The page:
Geothermal power production is also scalable. Power plants as small as a few tens of kW can be economically built for applications in communities, while utility-scale facilities on the multi-MW scale are common.
2. Geothermal Power Creates Jobs and Spurs Economic Growth
Geothermal projects provide economic growth and jobs, often in rural areas with high unemployment. For example, CalEnergy has plans to build a new power complex in Imperial Valley, California, one of the state’s highest unemployment areas. The project will mean investment of nearly $1 billion which will be a boost to the local economy. The project will take almost four years to build, during which time an average of 323 construction workers will be employed. When the project is completed, it will require 57 full-time positions for operations, engineering, maintenance, and administration. This 235-MW geothermal plant compares favorably with either a gas or wind project, which CalEnergy notes would each require about 18 full-time employees for a similar size project.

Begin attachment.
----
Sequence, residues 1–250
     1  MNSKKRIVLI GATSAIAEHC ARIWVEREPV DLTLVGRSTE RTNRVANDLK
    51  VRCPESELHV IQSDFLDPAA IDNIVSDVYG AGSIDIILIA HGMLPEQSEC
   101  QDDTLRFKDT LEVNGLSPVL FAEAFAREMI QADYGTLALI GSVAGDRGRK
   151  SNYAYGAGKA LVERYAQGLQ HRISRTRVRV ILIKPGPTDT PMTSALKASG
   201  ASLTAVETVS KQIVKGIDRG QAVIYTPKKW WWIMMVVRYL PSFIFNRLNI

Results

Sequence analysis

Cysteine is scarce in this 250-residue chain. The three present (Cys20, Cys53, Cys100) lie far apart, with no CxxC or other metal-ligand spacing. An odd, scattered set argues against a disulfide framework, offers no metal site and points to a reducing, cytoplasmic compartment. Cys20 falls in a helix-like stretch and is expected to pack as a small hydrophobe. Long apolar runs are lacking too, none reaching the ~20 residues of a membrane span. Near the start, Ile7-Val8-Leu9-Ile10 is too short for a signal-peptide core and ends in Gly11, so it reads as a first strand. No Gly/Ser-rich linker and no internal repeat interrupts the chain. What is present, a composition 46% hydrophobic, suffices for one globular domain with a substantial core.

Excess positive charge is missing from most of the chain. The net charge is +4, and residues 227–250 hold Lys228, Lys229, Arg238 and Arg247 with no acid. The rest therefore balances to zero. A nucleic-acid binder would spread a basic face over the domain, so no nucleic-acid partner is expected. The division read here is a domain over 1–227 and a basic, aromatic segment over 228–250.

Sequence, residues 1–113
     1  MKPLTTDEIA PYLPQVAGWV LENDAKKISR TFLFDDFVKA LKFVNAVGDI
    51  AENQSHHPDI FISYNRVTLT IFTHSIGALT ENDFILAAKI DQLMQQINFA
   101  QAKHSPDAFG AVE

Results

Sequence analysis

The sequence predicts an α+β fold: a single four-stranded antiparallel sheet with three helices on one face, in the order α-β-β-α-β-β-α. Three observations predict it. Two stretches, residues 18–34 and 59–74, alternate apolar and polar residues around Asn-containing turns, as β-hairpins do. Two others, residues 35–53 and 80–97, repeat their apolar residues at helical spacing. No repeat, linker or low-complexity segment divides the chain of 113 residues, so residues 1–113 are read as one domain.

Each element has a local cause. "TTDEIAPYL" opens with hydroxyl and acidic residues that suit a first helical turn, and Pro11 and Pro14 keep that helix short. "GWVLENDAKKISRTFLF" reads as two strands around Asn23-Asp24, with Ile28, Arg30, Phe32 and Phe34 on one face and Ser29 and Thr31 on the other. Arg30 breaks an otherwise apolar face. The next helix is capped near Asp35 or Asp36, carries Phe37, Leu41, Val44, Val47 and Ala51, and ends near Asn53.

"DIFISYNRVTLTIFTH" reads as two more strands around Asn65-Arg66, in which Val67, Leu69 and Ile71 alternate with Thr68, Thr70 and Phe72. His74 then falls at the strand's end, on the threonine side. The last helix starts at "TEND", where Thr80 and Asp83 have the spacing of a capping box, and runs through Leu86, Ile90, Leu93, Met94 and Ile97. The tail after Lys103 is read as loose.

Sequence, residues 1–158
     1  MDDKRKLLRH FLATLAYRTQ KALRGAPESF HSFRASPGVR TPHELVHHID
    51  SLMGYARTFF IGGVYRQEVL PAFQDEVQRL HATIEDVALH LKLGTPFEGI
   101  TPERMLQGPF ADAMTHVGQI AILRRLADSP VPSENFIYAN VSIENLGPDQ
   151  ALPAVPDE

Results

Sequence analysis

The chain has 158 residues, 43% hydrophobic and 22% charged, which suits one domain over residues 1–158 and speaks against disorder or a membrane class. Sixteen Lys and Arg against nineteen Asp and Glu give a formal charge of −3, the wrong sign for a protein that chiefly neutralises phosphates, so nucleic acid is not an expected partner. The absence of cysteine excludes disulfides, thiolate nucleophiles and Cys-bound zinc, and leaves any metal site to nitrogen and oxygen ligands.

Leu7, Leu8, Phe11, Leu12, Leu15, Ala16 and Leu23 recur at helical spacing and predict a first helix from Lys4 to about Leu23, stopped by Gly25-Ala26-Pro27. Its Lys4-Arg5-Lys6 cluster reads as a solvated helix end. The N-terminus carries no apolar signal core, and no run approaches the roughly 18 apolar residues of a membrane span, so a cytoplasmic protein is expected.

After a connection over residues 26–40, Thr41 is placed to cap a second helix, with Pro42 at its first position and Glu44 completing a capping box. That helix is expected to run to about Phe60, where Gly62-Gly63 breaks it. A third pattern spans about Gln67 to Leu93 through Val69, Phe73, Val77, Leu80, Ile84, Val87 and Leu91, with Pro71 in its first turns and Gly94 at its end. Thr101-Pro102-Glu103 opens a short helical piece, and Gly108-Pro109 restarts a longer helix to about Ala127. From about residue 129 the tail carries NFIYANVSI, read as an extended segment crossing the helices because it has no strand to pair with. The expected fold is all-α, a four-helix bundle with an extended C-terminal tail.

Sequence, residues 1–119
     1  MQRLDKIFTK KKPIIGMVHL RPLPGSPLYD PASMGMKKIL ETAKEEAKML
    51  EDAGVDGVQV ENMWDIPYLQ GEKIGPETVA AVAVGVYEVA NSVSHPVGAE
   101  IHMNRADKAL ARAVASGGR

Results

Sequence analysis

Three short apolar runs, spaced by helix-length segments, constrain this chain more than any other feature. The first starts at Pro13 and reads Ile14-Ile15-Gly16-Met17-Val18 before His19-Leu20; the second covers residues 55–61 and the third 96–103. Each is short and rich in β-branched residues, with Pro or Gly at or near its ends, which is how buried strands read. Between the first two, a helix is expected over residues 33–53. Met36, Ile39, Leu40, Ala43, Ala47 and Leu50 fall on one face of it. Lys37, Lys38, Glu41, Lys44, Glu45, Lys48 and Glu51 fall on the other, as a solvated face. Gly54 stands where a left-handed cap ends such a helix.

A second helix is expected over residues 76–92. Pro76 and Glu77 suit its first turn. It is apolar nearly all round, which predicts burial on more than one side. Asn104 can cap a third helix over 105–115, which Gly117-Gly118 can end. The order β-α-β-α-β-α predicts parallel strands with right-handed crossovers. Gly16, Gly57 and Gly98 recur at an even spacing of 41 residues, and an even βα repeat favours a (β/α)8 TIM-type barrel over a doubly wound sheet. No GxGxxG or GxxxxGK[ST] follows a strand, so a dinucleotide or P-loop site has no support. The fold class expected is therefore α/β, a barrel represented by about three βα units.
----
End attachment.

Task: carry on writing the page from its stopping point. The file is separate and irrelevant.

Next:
GEA has identified the following different types of jobs created by the geothermal industry during project development. This does not include the many jobs involved in manufacturing operations, controls, and other components of a power plant.
And while, today, geothermal projects are largely concentrated in the Western U.S., the economic benefits translate nationwide. In 2010, geothermal companies purchased goods and services from vendors in nearly every state.
3. Geothermal Energy Promotes National Security